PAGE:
I talked, for instance, to my older brother yesterday. We hadn’t spoken for more than three years, not because of any estrangement, but my travels and the demands of his business just kept us apart. As I write, I’m waiting for my youngest daughter and her husband to arrive with my first grandchild, Samantha, in tow. Sammie’s 15 months old now, and this will be the first Christmas we’ve been together that she’s old enough to remember, so that makes it sort of special regardless of my beliefs.
Anyway, I’d like to wish all my readers a happy and safe holiday. May you renew the bonds of love with your family and have all the happiness you deserve; and, may the upcoming year see a greater effort to make a dent in the world’s problems.
The National Memo » Veterans Denounce Neoconservative ‘Swift-boating’ Of Chuck Hagel. If the NeoCons are against him, that’s all the more reason to be for him.
Commenting on tragedy is something that is hard to do in the immediate aftermath. For that reason, I have avoided comment on the horrific tragedy at Sandy Hook Elementary School, in which a deranged gunman took the lives of 20 students and 6 adults. I have, however, followed the comments by others – and, some of the comments that have flooded cyberspace have left me shaking my head in dismay.
Anyone who might wonder about my position on religion and politics; I try to steer clear of the former and have a strong feeling of disgust for the latter; has but to read some of the commentary to know why. The puerile political posturing by some former politicians, like former Arkansas governor Mike Huckabee, who blames the shooting on a combination of lack of prayer in classrooms, homosexuals, and contraception are too dumb to even attempt a response to. Huckabee, perhaps realizing how inane his comments sounded, has since tried to back off them a bit, but it’s a case of too little, too late. The initial statements are engraved in stone, and no amount of scratching will remove them.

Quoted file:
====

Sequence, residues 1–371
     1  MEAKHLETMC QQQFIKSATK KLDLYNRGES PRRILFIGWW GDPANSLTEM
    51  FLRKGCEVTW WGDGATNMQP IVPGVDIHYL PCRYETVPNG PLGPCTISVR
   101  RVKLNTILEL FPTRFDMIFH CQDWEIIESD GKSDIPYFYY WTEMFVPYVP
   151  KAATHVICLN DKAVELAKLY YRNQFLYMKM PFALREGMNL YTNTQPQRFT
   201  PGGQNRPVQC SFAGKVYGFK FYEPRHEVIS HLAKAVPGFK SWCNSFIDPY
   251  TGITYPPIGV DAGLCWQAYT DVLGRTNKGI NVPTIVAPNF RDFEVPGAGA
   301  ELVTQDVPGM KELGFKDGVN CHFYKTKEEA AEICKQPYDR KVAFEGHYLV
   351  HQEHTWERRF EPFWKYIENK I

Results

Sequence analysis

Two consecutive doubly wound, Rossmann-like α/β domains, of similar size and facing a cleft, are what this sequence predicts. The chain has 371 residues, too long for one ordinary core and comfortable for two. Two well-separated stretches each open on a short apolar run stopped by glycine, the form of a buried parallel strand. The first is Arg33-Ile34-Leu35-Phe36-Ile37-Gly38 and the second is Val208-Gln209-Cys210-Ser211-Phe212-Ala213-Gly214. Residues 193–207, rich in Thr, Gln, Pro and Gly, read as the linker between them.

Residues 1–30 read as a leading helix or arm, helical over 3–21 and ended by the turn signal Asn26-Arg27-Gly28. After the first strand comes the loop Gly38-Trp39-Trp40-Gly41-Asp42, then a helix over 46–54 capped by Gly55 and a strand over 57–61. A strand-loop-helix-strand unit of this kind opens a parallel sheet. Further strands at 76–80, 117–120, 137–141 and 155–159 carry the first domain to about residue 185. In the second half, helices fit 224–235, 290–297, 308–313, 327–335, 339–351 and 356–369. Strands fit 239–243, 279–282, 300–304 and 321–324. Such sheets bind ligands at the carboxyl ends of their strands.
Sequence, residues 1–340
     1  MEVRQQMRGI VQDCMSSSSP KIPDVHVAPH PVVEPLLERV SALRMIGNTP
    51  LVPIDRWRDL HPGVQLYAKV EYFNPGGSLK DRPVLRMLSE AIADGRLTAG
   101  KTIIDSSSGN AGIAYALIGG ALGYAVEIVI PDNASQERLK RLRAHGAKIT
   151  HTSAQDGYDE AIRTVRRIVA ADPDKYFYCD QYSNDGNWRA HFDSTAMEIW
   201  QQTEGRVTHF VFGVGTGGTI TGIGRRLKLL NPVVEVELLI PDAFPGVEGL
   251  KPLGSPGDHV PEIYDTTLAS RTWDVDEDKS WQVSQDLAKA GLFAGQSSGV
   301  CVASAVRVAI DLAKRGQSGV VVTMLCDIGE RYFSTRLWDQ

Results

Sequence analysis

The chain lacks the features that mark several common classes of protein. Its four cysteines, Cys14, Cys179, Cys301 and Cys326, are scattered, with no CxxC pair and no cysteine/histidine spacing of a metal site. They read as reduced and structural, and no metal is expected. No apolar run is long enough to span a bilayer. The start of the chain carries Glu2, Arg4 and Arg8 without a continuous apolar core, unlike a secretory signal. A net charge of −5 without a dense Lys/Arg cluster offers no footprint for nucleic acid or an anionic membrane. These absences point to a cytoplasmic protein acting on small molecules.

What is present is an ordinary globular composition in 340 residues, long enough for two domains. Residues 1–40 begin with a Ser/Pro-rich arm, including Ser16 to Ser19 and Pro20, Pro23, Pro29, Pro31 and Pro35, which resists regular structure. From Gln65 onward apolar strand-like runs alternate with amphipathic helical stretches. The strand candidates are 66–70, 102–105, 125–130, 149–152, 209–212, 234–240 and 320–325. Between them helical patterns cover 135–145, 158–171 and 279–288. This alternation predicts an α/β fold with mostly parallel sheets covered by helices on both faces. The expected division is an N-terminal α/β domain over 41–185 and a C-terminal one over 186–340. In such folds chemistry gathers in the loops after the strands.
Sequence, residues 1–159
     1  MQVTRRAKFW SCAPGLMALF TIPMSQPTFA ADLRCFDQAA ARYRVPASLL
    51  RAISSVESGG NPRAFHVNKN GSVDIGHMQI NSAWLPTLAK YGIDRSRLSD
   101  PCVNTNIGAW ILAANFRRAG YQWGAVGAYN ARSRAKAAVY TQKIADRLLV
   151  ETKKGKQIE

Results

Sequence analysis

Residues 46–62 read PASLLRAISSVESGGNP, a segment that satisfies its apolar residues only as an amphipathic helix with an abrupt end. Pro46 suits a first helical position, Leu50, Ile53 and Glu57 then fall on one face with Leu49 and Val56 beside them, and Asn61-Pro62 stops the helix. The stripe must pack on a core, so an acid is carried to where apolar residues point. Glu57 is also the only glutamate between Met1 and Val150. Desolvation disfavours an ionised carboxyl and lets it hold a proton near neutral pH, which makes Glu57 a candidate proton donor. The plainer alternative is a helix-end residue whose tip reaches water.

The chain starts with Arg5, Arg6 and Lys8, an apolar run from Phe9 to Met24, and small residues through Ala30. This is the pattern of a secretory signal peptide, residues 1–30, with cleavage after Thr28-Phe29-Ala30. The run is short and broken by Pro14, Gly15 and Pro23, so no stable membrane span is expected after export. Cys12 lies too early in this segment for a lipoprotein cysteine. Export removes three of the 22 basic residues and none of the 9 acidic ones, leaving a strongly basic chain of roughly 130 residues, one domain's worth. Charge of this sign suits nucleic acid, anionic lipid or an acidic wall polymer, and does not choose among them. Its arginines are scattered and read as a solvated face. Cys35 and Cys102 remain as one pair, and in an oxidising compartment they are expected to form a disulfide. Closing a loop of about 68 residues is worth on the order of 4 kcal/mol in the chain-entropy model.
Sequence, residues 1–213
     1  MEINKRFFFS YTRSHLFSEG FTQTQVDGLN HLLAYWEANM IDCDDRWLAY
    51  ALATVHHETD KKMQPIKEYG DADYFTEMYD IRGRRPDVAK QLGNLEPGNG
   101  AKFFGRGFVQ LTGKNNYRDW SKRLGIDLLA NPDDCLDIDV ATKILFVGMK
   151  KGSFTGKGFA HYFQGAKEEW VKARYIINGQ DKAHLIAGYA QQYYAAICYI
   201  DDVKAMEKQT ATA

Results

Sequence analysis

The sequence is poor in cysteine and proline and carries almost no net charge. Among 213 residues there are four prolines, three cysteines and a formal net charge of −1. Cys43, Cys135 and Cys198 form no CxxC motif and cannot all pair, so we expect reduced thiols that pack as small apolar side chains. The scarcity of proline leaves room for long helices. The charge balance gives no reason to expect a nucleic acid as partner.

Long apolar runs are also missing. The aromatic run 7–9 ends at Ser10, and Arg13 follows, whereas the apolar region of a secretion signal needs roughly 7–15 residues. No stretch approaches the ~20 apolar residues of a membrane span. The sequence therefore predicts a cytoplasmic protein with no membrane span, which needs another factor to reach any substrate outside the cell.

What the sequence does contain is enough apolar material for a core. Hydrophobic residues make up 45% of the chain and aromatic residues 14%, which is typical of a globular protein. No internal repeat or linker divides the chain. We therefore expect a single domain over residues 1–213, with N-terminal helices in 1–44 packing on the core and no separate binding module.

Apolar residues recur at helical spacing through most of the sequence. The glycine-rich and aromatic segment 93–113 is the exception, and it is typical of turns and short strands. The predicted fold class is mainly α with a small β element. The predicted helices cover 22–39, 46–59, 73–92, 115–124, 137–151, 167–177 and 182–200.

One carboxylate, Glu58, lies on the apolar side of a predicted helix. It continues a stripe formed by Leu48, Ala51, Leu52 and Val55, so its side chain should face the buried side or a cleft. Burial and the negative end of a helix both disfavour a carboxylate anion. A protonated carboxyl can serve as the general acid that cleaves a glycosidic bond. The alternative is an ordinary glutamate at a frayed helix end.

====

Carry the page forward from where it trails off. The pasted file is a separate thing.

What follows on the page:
But, it’s the statements by those who try to portray themselves as ‘religious’ leaders that has really left a bitter taste of bile. Using this senseless tragedy as a vehicle to push their far out agendas has further validated my decision decades ago to look at Western religions with a sense of caveat emptor. Take William J. Murray, son of former anti-school-prayer activist Madalyn Murray O’Hair, who brought cases that spurred the Supreme Court to get prayer out of schools. Murray, now a convert to evangelical Christianity, has gone on record as saying, “lack of school-sponsored prayer led to this tragedy.” Like beginning the school day with a Christian prayer would have dissuaded Adam Lanza from his killing rampage. Murray needs to get real.
As if Murray’s ridiculous statements were not enough, Franklin Graham, son of evangelist Billy Graham, joined the chorus, claiming on American Family Radio’s AFA Today that the Sandy Hook shooting was due in part to ‘God being taken out of our schools.’ James Dobson, considered the number one right-wing religious leader in America, went even further. He had the audacity to claim that letting gay couples get married, among other things, caused God to let children be killed at Sandy Hook.